A discussion on this subject will often come up in an attempt to witness about the gospel and surprisingly enough not only from cult members. Many other people feel they must do things to ‘be good’ orearnthe right ‘to go to heaven’. Indeed, there are some apparent indications in Scripture that on first reading would indicate that works are necessary for salvation and we must be able to answer these questions satisfactorily.
There will be those who are deeply religious that would also bring this question up because they would feel that they are saved by their good works of prayer and worship and even ‘going to church’.
Sometimes these people will just be trying to justify themselves or testing us but even so in similar circumstances Jesus gave a sensible and reasoned answer (see Luke 10:25 and 29) and we should seek to do the same.
The main verses used to seek to win this argument are found in James 2:24-26 and read in the NASB,
“You see that a man is justified by works, and not by faith alone. And in the same way was not Rahab the harlot justified by works, when she received the messengers and sent them out by another way? For just as the body without the spirit is dead, so also faith without works is dead.”
These verses of course need to be compared with such ones as Romans 3:20,
“… because by the works of the Law no flesh will be justified in His sight…“
And Romans 3:28,
“For we maintain that a man is justified by faith apart from works of the Law.”
Is there a contradiction here? Do we really need to work in order to be justified and be saved? If this was the case then it would go against the great declaration of Paul in Ephesians 2:8-10,
“For by grace you have been saved through faith; and that not of yourselves, it is the gift of God; not as a result of works, that no one should boast. For we are His workmanship, created in Christ Jesus for good works, which God prepared beforehand, that we should walk in them.”
Notice in these verses that Paul repeats three times that it can be nothing to do with works, otherwise we would be able to boast before God.
Which is it? Are we justified by faith or by works? It is a fundamental Christian belief that we are justified by faith and that this is a once and for all act.
“Therefore having been justified by faith…” Romans 5:1
This, therefore, cannot be as a result of ongoing works and, in any case, how many works must we do in order to reach the state of justification? Nowhere are we told that and if this were the way to salvation it would seem very unfair that we never knew how much we had to do to reach the goal.
The meaning of the word justification – that God declares a sinner righteous and treats them as such – also shows that work is impossible to achieve the state of justification – we can never atone for our own sin, an essential part of being justified. Therefore, this has to be by faith because we will never be righteous in ourselves.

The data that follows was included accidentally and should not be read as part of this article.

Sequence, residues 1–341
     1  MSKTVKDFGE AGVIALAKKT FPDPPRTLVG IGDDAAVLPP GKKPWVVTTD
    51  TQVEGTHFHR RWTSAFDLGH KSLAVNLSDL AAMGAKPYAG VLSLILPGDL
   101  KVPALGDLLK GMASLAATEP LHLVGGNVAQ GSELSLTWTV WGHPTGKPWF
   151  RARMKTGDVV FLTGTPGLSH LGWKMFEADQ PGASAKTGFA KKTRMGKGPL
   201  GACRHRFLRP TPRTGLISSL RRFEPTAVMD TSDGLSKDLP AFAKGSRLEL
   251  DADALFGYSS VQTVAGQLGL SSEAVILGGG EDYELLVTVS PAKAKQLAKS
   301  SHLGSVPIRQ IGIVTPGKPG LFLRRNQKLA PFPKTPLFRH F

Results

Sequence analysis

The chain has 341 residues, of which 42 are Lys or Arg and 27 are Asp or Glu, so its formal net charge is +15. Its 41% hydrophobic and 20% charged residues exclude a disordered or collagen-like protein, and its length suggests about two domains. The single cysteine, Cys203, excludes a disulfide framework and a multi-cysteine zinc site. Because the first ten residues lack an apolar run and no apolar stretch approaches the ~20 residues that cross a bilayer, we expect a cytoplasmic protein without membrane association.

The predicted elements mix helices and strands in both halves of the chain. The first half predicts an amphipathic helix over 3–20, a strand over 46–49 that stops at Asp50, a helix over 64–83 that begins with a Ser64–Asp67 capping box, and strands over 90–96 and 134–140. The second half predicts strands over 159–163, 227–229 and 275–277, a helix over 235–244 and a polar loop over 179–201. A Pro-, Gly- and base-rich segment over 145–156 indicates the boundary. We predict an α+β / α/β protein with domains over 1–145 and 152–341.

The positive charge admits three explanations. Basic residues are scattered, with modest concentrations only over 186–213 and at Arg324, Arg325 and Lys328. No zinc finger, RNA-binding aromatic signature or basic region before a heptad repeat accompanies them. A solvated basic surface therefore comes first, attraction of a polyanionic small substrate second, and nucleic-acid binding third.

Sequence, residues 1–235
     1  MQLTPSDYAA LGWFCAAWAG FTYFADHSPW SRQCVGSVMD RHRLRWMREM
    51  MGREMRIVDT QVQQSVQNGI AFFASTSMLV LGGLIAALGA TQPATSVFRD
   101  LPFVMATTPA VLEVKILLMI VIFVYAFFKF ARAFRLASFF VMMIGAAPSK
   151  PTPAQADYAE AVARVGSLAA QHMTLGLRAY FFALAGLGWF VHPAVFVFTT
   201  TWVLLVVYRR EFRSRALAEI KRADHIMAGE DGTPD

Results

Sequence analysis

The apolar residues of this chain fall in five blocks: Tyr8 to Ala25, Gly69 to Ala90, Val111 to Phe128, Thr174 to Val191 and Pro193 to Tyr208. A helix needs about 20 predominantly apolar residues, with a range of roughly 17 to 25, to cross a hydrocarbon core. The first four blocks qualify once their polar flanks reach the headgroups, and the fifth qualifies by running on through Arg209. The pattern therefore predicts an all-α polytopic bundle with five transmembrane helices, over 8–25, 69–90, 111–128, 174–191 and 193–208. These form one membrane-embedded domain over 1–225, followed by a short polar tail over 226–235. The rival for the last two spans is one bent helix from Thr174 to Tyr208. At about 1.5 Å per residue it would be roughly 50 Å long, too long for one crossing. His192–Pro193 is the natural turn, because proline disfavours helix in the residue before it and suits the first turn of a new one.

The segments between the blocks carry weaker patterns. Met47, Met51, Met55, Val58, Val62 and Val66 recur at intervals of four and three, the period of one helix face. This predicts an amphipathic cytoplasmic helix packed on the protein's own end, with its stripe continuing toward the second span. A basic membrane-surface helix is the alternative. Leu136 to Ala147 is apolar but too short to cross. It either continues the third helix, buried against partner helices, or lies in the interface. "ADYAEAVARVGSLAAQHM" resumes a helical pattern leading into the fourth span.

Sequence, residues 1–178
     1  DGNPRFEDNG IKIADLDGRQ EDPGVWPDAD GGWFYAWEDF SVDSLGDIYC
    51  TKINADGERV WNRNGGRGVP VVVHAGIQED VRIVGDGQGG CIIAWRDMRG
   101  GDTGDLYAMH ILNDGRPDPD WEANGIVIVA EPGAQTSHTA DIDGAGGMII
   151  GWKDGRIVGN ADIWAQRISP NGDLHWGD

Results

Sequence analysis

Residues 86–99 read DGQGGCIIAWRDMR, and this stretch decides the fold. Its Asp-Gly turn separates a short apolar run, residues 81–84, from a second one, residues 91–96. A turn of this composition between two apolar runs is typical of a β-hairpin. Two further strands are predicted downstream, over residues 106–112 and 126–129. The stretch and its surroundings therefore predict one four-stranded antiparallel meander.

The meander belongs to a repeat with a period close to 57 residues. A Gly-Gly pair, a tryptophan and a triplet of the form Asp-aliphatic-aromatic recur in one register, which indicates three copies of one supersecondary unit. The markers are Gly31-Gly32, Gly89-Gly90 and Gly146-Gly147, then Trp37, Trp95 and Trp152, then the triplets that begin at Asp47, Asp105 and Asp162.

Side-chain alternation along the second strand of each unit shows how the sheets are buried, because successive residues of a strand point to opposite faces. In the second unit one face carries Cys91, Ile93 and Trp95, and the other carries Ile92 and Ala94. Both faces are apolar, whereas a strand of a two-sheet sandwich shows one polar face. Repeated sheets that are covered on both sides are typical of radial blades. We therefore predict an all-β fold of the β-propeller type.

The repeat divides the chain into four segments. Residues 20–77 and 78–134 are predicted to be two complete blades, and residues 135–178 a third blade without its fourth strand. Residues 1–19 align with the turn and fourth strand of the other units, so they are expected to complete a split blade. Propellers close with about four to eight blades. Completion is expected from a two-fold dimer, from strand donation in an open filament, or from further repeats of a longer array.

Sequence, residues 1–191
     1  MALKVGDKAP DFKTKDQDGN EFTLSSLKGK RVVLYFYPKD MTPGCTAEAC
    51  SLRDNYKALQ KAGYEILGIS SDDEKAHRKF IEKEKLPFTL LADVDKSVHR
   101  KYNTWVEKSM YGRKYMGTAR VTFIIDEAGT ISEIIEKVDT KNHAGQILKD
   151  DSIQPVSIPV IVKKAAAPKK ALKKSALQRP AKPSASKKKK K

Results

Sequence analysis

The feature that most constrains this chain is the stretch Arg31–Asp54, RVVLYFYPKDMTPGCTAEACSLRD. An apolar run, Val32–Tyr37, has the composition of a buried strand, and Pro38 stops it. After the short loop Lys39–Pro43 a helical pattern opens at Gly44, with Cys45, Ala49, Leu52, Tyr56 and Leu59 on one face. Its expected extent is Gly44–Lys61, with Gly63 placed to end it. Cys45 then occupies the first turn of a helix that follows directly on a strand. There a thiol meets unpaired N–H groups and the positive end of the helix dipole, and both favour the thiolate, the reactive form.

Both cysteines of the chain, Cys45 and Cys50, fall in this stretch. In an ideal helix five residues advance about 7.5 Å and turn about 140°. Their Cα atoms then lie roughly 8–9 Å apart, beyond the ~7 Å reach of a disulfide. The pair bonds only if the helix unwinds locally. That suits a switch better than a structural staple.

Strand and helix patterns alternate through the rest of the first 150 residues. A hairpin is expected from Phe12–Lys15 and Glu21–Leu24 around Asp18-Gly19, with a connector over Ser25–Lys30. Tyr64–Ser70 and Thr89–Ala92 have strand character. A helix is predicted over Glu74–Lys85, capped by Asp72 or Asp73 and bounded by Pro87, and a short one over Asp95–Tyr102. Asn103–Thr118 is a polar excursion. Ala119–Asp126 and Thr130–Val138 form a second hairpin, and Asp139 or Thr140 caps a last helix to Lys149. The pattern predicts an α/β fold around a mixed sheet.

Having said that, it still leaves us with the problem of explaining satisfactorily to our listener the verses in James that appear to teach that we are justified by works. It actually is not a problem when you look at the context.
James 2:1 indicates that James is writing to those who already have faith in the Lord Jesus – it was not something they were working towards.
He then starts his main argument on this issue in verse 14 where he asks, what use is it if someone says he has faith but no works?
At this point James does not begin to refer to that faith (which Christians already have) in relationship to God but in relationship to fellow Christians. The ones mentioned are in need (verse 15) but, James says, you do not give them what they need (verse 16) – what use is that? Faith must be expressed.
Verse 17 sums this up by showing that such faith (that you already have), that is not also expressed by works, is dead.
Indeed, as verse 18 goes on to say, how can you show your faith without works?
Belief in God (verse 19) is fine but the demons do too; the point is that faith that is not expressed by works is useless and is no better that that which the demons have (verse 20).
Abraham was justified by works when he offered Isaac (verse 21) and his faith was perfected by his works (verse 22).
Abraham believed God and it was reckoned to him as righteousness (verse 23) and so you see that a man is justified by works, and not just by faith alone. Rahab was justified by works (verse 25) and so remember faith without works is dead (verse 26).
If you have faith, it will be expressed. In other words, works are the “fruit” of Salvation and not the means to Salvation. William Fenner said,
“Good works are a good sign of faith but a rotten basis for faith”.
James is examining two kinds of faith: one that leads to godly works and one that does not. One is true, and the other is false. One is dead, the other alive; hence, “faith without works is dead.” – James 2:20.
This is consistent with the passages above from Romans and Ephesians. Notice especially Ephesians 2:10 that shows clearly after we are saved there are good works for us to walk in that God has prepared but these are not works that are leading us to salvation and justification.
We are saved not by works but once saved there are good works to express what has happened to us.
We cannot work to our salvation but we must work out our salvation – see Philippians 2:12.